Explaining event-driven architectures

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Published on 27 July 2022 by Andrew Owen (4 minutes)

Modern software development is all about automation, continuous integration, continuous delivery and software-defined life cycles. The idea is to maintain quality while enabling features to be delivered as soon as they are production ready. You’re also probably familiar with the move away from monolithic systems to a microservices architecture. The goal there is to build the system out of components that can be swapped out without having to rebuild the whole thing.

But on the bleeding edge, there’s the event-driven architecture (EDA). Put simply, this is a design where the system as a whole exists as a state, and any changes to that state produce events. Instead of storing that state as a single datum, EDAs use event sourcing. Data is stored as a series of immutable events over time in an event store. Essentially, it’s a lot like a ledger. After they are created, events can’t be modified. Any changes to the data (state) happen as the result of a new event. There are several advantages to this approach:

  • The database is treated as an event log, simplifying and speeding up reads and writes.
  • Events provide a historical record that enables you to recreate the current state of the system from any point in the past.
  • Changes are published to the wider system, but individual parts of the system need only subscribe to events relevant to their function.

A wise woman once said: “The main problem with event-driven architectures, is that you have to repeatedly explain what they are to customers.”


The building blocks of an EDA are its microservices. Typically, these are self-contained and don’t interact directly with each other. This is often implemented by having each microservice run in its own Docker container, managed by Kubernetes. Each microservice should have its own bounded context (for example, orders, cart, products and customers). When communication between microservices is required (for example, between orders, customers, and products), this is carried out by having each microservice subscribe to the events that directly affect it. Events are processed in the order that they occurred, and a checkpoint records the last event processed. This means:

  • The individual microservices are not dependent on each other.
  • If a microservice is stopped, when it is restarted it can resume from the last event processed.
  • New functionality can be deployed incrementally without dependencies on other microservices.
  • When new functionality is added, the checkpoint can be reset to reprocess the event history, for example, to provide new reporting insights.

Event relationships

Event relationships usually fall into two categories:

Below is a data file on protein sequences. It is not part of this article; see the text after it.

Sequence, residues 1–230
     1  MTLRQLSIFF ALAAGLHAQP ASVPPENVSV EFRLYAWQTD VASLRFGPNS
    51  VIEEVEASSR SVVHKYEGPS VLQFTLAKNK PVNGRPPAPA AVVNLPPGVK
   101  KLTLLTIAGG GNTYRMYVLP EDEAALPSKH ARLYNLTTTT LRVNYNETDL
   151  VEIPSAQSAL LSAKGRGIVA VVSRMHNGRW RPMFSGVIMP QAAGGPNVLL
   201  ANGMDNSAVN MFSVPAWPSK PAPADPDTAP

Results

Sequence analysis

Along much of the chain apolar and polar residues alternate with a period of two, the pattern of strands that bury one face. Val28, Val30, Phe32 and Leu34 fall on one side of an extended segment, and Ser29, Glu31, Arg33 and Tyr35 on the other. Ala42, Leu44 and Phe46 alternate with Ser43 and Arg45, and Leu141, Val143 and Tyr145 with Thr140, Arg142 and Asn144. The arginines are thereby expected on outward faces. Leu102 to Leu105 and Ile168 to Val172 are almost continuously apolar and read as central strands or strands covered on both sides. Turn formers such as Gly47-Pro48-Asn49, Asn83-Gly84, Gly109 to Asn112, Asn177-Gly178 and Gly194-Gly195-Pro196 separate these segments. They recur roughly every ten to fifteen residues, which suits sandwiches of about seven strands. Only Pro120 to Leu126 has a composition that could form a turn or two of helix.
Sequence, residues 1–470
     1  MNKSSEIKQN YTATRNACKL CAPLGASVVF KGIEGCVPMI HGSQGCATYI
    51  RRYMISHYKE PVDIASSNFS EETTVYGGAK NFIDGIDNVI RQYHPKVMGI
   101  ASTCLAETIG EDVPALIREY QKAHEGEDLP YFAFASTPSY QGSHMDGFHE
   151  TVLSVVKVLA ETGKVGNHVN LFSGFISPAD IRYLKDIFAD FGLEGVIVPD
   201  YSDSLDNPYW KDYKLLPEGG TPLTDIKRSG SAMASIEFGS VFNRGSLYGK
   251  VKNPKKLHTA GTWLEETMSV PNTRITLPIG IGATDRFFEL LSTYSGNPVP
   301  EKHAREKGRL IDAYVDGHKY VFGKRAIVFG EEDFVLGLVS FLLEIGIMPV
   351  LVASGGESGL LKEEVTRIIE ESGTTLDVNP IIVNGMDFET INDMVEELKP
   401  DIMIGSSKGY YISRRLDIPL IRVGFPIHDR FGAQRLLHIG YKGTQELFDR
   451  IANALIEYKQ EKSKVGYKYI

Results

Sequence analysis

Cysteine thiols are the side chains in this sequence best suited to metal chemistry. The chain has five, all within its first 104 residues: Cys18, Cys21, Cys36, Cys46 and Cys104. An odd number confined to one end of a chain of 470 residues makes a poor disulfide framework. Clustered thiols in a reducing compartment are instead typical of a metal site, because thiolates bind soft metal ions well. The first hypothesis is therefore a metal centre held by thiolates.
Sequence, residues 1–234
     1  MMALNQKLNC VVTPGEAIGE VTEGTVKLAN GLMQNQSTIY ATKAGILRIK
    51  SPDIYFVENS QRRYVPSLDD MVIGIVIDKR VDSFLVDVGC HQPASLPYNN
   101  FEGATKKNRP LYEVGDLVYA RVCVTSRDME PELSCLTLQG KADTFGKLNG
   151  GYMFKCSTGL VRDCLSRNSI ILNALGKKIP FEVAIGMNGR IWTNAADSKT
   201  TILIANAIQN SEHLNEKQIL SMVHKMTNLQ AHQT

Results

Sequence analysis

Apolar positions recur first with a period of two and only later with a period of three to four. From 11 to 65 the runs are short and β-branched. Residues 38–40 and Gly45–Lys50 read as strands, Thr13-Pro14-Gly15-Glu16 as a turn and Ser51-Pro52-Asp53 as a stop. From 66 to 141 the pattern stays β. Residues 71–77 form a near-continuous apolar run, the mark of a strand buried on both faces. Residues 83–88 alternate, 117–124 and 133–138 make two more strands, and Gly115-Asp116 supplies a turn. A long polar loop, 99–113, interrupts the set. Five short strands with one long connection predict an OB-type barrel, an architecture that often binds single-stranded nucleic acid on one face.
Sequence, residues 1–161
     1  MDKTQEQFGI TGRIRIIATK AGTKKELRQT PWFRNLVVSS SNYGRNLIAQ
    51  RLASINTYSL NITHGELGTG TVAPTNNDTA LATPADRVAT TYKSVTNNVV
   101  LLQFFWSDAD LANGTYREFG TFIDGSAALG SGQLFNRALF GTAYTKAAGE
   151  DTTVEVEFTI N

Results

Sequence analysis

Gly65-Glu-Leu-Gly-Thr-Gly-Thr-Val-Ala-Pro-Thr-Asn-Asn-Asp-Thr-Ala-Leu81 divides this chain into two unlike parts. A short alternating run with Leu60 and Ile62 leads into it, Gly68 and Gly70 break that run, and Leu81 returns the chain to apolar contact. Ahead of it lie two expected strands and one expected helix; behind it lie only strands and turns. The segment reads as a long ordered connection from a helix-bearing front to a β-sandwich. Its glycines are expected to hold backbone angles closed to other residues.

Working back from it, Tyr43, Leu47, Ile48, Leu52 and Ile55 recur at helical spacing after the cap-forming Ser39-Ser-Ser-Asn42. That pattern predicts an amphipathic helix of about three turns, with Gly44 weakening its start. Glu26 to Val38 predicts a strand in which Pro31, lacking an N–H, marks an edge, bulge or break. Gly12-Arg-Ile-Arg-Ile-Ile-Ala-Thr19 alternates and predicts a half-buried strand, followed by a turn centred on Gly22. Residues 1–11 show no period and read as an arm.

• API-event relationships: there’s a one-to-one or one-to-many relationship between a public API call and an event or set of events.
  • Schema-event relationships: events created by internal API calls change data according to a particular schema.

Typically, in API-first systems, events relate to a specific API call. These calls may be generated by one or more components of the system, through user interaction through a web interface or by a microservice.

In my experience, you may well end up with customers who want to see the events log. That can include events that you never intended to be public, such as those relating to the inner-workings of the system, for example private APIs. These are unlikely to provide useful data points, and ideally you’ll want to find a way to scrub these before you pass the data to your customers.

Client applications

EDAs typically use RESTful APIs to provides methods for accessing data such as customer information. User interactions are managed through client applications. Each application has its own API. Typically, the API exists in the same network as the microservices it calls, to reduce latency and increase performance. The API also determines what should happen in the case that a specific microservice isn’t available.

A variety of secure authentication options can be integrated into the APIs:

  • OAuth
  • OpenID Connect (OIDC)
  • Social login (for example, Facebook, Google, Twitter)
  • Two-factor authentication
  • Web Services Federation

Scheduled reporting can be provided through event subscription, while dashboards can be supported through stream-based aggregations. Typically, this takes the form of Extract, Load, and Transform (ELT) processing. The original events are never modified, only the output.

Data lakes

The biggest problem I’ve found in explaining EDAs is when a business analyst asks for the database schema. EDAs are typically developed around data lakes, where data is stored in its raw format. The database on the backend is likely to be a NoSQL solution such as Mongo DB. I prefer to think of it as a data skip. You throw stuff in there, and it’s in there somewhere, but you don’t know exactly where. The beauty of the ledger is, you really don’t need to know.

Image: Original by kooikkari.